Flash Readings Episode 3: “A Safe Imaginative Space”


The third episode of Flash Readings with the Brittain Fellows is “A Safe Imaginative Space,” featuring Ellen Stockstill’s interview with Sarah Higinbotham about the meaningful ways that children of many ages respond to Dr. Seuss’s “The Sneetches” (1961) and her work on Human Rights in Children’s Literature: Imagination and the Narrative of Law—just out from Oxford University Press (2015). Higinbotham discusses how Dr. Seuss’s absurd story and illustrations offer kids “a safe imaginative space” to … Continue reading

Engineering English: Writing Lessons from English 1101 and 1102

The banner image for Lakshmi's blog in ENGL 1101.

by Lakshmi Raju, introduced by Phoebe Bronstein (Brittain Fellow 2013-2016) Introduction Lakshmi took my 1101 and 1102 courses her freshman year at Georgia Tech. Currently, she is finishing up her junior year at Tech as an Electrical Engineering major and she is an Associate Editor for Physical Sciences, Mathematics, and Engineering at the Journal of Young Investigators. During and after our classes, we stayed in touch and then last Fall during a visit, Dr. Rebecca … Continue reading

Applications open for 2016-2017 Brittain Fellowships


The job ad for Marion L. Brittain Postdoctoral Fellowships in Composition, Technical Communication, and Digital Pedagogy has been posted at Vitae. To apply, please consult the following job ad: Marion L. Brittain Postdoctoral Fellowship in Composition, Technical Communication, and Digital Pedagogy The Writing and Communication Program at Georgia Tech seeks recent PhDs in rhetoric, composition, technical communication, literature, film, linguistics, visual rhetoric/design, and related humanities fields for the 2016-2017 Brittain Postdoctoral Fellowship. The fellowship, renewable … Continue reading

Flash Readings Episode 2: “Read as Believers”


The second episode of Flash Readings by the Brittain Fellows is “Read as Believers,” featuring Lauren Neefe’s interview with Caitlin Kelly, who specializes in the literature and culture of the “very long eighteenth century.” As part of a larger project that recasts the rise of the novel from Daniel Defoe to Jane Austen’s contemporary Mary Brunton, Kelly examines the role of private devotion in Samuel Richardson’s landmark epistolary novel Pamela; or, Virtue Rewarded (1740). Of particular … Continue reading

Attaining the Text?: Teaching Annotated Video Essays in the Multimodal Classroom


Writing in 1975, the French film theorist Raymond Bellour characterized film analysis as a writing activity “carr[ied] out in fear and trembling, threatened continually with dispossession of the object” (19). Much of this owed to the technological limitations that then made it all but impossible for critics and scholars (save the select few with access to analyzer projectors) to possess films, and thus impossible to view and review them, to rewind to recall a forgotten detail or … Continue reading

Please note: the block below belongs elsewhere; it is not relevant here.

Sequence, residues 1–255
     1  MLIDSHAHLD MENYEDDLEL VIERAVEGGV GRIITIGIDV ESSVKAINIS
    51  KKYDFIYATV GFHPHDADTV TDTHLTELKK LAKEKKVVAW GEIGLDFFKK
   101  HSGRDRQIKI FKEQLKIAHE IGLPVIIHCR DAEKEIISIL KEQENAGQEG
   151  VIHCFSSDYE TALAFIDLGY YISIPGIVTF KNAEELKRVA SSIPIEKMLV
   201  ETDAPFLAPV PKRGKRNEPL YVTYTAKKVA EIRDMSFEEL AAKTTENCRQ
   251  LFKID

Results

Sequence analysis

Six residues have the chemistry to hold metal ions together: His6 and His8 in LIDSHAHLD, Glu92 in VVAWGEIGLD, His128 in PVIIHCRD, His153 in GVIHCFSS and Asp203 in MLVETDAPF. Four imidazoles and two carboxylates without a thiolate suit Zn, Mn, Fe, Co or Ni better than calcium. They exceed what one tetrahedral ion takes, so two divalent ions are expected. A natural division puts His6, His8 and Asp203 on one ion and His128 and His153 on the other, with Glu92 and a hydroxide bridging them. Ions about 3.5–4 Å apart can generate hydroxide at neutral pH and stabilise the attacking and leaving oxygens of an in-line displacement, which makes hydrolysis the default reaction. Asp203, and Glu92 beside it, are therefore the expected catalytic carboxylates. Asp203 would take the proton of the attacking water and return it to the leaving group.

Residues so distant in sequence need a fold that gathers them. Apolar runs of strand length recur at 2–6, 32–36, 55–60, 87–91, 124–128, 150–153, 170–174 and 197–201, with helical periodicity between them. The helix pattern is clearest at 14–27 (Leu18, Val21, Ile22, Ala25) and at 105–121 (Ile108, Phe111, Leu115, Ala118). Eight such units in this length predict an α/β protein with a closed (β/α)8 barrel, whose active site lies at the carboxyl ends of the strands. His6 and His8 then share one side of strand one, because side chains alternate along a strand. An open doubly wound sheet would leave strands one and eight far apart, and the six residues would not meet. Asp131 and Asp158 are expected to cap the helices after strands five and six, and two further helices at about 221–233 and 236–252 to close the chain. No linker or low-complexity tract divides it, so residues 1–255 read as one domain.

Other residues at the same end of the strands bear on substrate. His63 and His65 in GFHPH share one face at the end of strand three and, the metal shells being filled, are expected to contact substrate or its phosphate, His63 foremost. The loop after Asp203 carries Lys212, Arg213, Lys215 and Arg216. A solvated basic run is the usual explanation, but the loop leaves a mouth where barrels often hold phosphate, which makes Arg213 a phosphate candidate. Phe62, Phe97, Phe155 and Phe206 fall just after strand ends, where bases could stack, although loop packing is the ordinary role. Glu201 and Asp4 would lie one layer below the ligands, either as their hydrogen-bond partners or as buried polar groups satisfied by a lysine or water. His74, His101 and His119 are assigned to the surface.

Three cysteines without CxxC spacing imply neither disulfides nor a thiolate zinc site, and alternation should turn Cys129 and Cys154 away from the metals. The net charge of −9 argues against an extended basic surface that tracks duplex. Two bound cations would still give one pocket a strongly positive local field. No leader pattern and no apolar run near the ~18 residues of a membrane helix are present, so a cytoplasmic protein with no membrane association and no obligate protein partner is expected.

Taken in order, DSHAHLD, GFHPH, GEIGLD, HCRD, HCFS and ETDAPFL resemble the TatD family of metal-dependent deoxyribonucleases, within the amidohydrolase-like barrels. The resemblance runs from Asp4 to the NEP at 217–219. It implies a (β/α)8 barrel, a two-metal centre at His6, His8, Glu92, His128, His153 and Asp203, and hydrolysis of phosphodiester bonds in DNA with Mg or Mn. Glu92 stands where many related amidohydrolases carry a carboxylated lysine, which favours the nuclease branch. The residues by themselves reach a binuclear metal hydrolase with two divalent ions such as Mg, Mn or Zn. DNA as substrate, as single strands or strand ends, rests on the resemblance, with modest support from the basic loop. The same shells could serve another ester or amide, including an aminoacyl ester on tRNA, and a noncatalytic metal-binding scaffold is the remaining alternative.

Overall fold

“There is No Delight and No Mathematics”: Teaching the Multimodal Avant-garde

A portion of Jenny Holzer's "Inflammatory Essays." Photograph by Damian Entwhistle, via a Creative Commons license. Original image available at https://www.flickr.com/photos/damiavos/12686078413/in/photolist-5QJvSR-5QJw46-5QJwg2-awweZz-awwgHP-awwgL6-awzbdu-awwnbB-wjXnUS-wk5voM-kk2t8T-kk1DjP-kk2o68-kk1Ev6-kk1yfk-kk2etP-5MEnh8-kk1BXF-kk1AWc-kk47Tb-kk2h1H.

Before coming to Georgia Tech, my approach to teaching writing and communication through fictional work could be summed up like this: students will learn how to analyze novels and short stories and then write arguments explaining their analysis. They will support those arguments by close reading passages and quoting academic articles they find on JSTOR or Project MUSE. Sound familiar? This semester, I tried a different approach in my English 1102 class, “What is an … Continue reading

Becoming a Guide to Knowledge: The World of Academic Librarianship


In a previous article, I described practical but also subjective reasons I switched from the traditional professor route to the library field. I also pointed out facts and figures related to job placement rates for tenure-track positions and alternatives to academic careers. I don’t quite fit the mold of leaving academia, as I am now employed at a major research institution, nor do I offer my journey as a prescription for others, but I do … Continue reading

Redesigning TECHStyle for 2015-2016


Welcome to a new year of TECHStyle. In 2015-2016, the TECHStyle committee is looking forward to bringing together an exciting lineup of posts from Brittain Fellows past and present. This year we will be coordinating a series of themed clusters that reflect the range of teaching we do at Georgia Tech and that promise to contribute to larger conversations in multimodal pedagogy, digital pedagogy, and the digital humanities. Our first themed cluster, “Designing Multimodal Assignments,” co-edited by Eric Rettberg … Continue reading